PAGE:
Back to the beginning: customers “have” a life cycle. And businesses know it. The question they have been asking themselves for ages is how you can define the CLV of your customer portfolio and even of specific customer groups or individual customers. There are many models to do that as well. The customer lifetime value (CLV) is a financial metric used to look at customer profitability and, when properly calculated, a potential impact on the different marketing efforts across the customer’s life cycle. Just like marketing ROI or Return on Marketing Investment it is a financial value. It is advised to use CLV in order to create value across the customer life cycle.
The value of the customer lifetime looks at the investments we plan to make for the customers (retention, sales, promotion, customer service, whatever) and the return we expect from them. It’s a forward-looking indicator that has everything to do with the present and the future. CLV is the present value (expressed in your local currency) of the expected future cash flows from the customer.
The problem with calculating the CLV this way is that it happens from a global perspective (customer base), and it is difficult to use to calculate the value of the CLV on micro levels like a marketing plan. Furthermore, CLV calculation models often find their origins in rather direct marketing oriented activities and are less useful for customer investments that are more difficult to calculate (think branding, for instance).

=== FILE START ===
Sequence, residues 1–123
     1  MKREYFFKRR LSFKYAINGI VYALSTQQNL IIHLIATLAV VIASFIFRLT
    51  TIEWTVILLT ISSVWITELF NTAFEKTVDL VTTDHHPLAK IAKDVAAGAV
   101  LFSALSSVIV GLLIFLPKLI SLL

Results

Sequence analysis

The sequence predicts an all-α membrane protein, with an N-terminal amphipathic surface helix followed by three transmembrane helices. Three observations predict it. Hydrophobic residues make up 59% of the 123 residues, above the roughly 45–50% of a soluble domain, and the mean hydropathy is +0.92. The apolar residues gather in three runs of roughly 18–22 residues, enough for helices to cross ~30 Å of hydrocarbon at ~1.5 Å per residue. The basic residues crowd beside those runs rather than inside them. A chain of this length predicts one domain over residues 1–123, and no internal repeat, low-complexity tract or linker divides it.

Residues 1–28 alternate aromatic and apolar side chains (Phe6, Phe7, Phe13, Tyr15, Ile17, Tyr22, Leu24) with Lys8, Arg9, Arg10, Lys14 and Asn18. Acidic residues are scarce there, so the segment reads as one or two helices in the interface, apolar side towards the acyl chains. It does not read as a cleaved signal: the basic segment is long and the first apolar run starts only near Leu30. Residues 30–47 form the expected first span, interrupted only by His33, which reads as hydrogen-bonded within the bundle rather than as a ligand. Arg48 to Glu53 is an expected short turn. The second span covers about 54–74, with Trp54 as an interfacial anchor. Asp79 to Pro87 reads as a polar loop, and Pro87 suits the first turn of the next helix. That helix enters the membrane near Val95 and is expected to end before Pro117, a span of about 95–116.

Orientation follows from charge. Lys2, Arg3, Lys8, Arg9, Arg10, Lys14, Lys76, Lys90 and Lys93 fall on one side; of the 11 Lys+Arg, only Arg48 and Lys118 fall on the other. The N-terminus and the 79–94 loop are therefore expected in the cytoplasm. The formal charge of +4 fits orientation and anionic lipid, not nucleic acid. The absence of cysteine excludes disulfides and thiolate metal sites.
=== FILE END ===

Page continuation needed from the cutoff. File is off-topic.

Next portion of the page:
Return On Marketing Investment and the CLV
Another way to calculate the value of the customer lifetime starts from the micro-levels, even individual marketing and sales actions. Despite what many unfortunately still believe, it also can be used to calculate and predict the impact of branding related activities. I’m talking about Marketing ROI (or ROMI). And no one looked deeper into it than Jim Lenskold.
ROMI, short for Return On Marketing Investment is based on the incremental return of every USD (or your local currency) extra that is spent in customer-targeted activities (so also future-oriented). It is primarily a financial parameter that can be used for making prognoses and for calculating the efficiency of running marketing and sales programs.
However, in order to be able to do that, you need to have a well-implemented ROMI-program in your company. Although data from ROMI programs offer an excellent way to calculate and follow the value of the customer lifetime bottom-up, there are many hurdles to take.
First of all, few companies use ROMI as a parameter and even fewer use it on all levels, ranging from every individual campaign to the corporate level. Implementing such programs requires many cultural changes in the company and that doesn’t happen overnight. Even with ROMI programs you often will need to make extrapolations, for instance for high-risk customer investments.